New Chancellor Nadhim Zahawi must battle rising prices and calls for tax cuts
Nadhim Zahawi inherits a raft of cost-of-living problems following the resignation of Rishi Sunak as chancellor.
In recent days, Boris Johnson has sought to shift the focus onto the economy rather than the row surrounding his former deputy chief whip Chris Pincher.
It now falls to Mr Zahawi to deliver on his leader’s promise to “help people through the current difficult times”.
There are mounting fears the cost-of-living crisis could tip the UK into recession, as defined by two quarters in a row of falling output, as rocketing inflation sees households and businesses rein in spending.
Inflation has already reached a 40-year-high of 9.1% and is set to rise past 11% in the autumn.
Former Tory Cabinet minister John Redwood on Wednesday said: “The last chancellor said he believed in low taxes but he kept putting them up. Can the new chancellor cheer us up and avoid recession by actually cutting tax?”
Bank of England Governor Andrew Bailey last Wednesday said soaring inflation will hit Britain harder than any other major economy during the current energy crisis and that output is likely to weaken earlier and be more intense than others.
Speaking at a press conference at the close of the Nato summit in Madrid, the PM denied his Government was being “complacent” about spiralling inflation and added that the “cost of freedom” is “always worth paying” amid soaring costs exacerbated by the Ukraine war.
Mr Johnson was asked at the press conference about his repeated promise to bring down tax rates, after new HM Revenue and Customs figures showed that some 6.1 million taxpayers are projected to be paying income tax rates at the higher rate of 40% or the additional rate of 45% in 2022/23.
He pointed to the national insurance threshold being increased as an example of reducing burdens in a “sensible and responsible way”.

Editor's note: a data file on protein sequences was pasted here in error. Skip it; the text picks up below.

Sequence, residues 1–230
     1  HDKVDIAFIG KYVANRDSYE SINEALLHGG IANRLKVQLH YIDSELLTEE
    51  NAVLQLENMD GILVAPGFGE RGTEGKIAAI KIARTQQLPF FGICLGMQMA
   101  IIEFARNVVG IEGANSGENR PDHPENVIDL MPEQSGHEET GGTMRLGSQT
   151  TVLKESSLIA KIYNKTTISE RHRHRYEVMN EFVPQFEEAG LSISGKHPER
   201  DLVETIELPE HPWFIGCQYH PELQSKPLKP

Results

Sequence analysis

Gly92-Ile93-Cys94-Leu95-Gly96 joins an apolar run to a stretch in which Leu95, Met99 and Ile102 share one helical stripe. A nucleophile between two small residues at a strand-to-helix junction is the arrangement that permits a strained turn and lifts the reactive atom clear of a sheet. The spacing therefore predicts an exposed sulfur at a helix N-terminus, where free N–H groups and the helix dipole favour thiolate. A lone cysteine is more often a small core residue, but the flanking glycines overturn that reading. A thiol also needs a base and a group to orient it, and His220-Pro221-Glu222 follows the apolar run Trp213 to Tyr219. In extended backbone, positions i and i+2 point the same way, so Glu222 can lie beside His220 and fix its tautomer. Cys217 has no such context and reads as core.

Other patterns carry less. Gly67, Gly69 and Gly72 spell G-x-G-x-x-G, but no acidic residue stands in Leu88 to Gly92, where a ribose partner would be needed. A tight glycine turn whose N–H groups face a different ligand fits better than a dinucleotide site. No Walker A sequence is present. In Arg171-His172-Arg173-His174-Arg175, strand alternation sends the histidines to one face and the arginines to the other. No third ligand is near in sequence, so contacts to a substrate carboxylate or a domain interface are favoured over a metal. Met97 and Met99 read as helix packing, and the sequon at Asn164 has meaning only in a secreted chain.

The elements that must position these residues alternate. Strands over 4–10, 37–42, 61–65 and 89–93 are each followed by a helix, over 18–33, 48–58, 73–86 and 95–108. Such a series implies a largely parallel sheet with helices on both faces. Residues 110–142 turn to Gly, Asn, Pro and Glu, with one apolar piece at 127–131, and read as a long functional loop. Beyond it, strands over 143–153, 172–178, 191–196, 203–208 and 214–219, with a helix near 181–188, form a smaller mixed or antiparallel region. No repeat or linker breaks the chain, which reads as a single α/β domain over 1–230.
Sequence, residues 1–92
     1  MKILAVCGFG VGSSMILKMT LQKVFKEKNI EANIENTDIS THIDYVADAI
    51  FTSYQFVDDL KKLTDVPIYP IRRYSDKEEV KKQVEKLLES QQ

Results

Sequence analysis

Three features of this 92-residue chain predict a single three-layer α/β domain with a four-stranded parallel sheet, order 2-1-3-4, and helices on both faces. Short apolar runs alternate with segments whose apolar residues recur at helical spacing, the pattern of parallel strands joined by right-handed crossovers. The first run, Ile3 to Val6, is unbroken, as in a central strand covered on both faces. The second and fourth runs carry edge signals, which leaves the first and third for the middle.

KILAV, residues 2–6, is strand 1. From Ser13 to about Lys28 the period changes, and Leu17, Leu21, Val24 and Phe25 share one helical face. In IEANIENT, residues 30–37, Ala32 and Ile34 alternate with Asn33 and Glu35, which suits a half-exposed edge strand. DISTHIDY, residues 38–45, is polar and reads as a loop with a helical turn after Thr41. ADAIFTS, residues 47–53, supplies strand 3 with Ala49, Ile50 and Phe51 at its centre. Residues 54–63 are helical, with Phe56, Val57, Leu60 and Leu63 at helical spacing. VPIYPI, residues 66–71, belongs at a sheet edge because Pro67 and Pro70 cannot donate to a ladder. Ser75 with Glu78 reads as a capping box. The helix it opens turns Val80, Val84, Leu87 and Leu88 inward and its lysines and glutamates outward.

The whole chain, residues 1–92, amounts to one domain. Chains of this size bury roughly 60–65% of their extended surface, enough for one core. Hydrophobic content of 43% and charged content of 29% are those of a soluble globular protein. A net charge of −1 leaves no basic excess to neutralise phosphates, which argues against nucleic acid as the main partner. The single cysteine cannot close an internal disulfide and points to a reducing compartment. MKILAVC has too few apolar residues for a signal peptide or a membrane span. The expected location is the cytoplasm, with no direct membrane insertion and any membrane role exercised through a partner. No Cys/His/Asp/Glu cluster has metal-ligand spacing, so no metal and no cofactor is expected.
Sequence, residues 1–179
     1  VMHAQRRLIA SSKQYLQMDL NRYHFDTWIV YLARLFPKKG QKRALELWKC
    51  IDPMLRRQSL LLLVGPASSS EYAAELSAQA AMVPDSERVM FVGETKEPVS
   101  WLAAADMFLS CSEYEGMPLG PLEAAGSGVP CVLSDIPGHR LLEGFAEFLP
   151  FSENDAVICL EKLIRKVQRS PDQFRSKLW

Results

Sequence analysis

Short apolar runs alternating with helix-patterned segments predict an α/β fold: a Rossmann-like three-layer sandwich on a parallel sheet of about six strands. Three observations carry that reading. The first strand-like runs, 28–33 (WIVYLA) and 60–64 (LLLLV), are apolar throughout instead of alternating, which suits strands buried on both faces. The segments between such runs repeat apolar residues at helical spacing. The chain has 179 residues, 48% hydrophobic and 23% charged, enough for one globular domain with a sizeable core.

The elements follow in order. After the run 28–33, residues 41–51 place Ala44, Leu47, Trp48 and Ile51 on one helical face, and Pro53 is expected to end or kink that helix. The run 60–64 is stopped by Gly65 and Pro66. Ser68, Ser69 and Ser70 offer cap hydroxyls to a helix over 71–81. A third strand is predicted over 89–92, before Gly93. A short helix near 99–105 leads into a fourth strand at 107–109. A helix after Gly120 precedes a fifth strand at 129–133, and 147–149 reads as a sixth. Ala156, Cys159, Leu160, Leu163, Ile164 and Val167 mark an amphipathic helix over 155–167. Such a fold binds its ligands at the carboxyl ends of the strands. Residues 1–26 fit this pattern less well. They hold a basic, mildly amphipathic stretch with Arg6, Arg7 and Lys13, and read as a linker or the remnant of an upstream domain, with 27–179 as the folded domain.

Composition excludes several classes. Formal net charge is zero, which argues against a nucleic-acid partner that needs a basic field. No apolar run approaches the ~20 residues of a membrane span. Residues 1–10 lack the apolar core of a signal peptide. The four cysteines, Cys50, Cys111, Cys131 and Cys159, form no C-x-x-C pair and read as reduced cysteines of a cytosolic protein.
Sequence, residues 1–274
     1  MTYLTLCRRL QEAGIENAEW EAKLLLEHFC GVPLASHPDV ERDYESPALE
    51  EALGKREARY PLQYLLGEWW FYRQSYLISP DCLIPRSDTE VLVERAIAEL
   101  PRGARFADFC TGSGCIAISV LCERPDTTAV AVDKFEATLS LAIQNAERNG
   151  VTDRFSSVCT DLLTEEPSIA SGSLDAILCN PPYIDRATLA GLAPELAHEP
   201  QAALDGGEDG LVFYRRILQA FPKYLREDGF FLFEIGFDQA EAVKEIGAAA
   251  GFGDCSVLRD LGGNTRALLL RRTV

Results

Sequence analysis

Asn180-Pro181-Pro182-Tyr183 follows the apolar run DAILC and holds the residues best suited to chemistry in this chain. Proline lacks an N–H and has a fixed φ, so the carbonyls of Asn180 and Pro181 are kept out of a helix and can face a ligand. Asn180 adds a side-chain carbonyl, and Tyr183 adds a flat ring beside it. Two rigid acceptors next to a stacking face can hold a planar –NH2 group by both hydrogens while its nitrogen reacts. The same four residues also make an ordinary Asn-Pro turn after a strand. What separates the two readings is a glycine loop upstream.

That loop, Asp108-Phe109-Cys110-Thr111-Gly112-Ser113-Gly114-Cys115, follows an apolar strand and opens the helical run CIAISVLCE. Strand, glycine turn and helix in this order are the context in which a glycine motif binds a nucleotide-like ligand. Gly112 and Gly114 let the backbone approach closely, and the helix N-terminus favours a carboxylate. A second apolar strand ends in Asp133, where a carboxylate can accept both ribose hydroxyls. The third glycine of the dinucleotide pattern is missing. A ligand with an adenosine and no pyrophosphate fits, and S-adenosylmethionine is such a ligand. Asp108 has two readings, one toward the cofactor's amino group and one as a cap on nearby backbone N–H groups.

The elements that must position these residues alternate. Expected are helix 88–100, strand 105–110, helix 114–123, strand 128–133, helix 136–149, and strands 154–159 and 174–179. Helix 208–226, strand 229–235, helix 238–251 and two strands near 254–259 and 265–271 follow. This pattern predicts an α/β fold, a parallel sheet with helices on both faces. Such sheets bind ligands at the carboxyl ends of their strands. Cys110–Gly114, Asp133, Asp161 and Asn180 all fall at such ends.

– National insurance
The Prime Minister has highlighted the change in the national insurance threshold, which came into effect on Wednesday, as the “single biggest tax cut in a decade”.
The measures sees the point at which people start paying national insurance rise to £12,570, partly offsetting the increase in the rate of the tax previously announced to help fund health and social care measures.
The Government says the move will save an average employee around £330 a year, with 30 million people set to benefit.
– Tax cuts
More than eight million households will start to see cost-of-living payments hit their bank accounts on July 14.
From that date, a first instalment of £326 will start to be paid out to low-income households on benefits, the Department for Work and Pensions (DWP) previously announced.
The second portion of the one-off £650 payment will follow this autumn.
Pensioner households are also set to receive an extra £300 to help cover the rising cost of energy this winter, while people on disability benefits will receive an extra £150 payment in September.
From October, households will have £400 taken off energy bills.
The outgoing boss of Britain’s largest business group is just one figure to demand further tax cuts to soften the economic reality.